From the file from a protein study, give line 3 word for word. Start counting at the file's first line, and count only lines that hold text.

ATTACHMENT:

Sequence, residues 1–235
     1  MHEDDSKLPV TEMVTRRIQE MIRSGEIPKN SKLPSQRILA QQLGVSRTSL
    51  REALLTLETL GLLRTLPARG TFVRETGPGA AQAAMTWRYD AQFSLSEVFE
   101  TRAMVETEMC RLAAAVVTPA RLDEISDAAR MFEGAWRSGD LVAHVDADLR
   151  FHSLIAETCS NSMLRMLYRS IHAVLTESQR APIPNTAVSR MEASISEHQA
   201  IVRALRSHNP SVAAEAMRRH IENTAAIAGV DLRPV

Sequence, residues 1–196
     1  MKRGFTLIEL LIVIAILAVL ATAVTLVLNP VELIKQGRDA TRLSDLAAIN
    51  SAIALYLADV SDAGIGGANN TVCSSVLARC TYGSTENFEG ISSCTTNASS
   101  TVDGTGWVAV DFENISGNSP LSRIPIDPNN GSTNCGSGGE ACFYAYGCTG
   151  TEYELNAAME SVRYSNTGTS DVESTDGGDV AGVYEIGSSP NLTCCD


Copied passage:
    51  REALLTLETL GLLRTLPARG TFVRETGPGA AQAAMTWRYD AQFSLSEVFE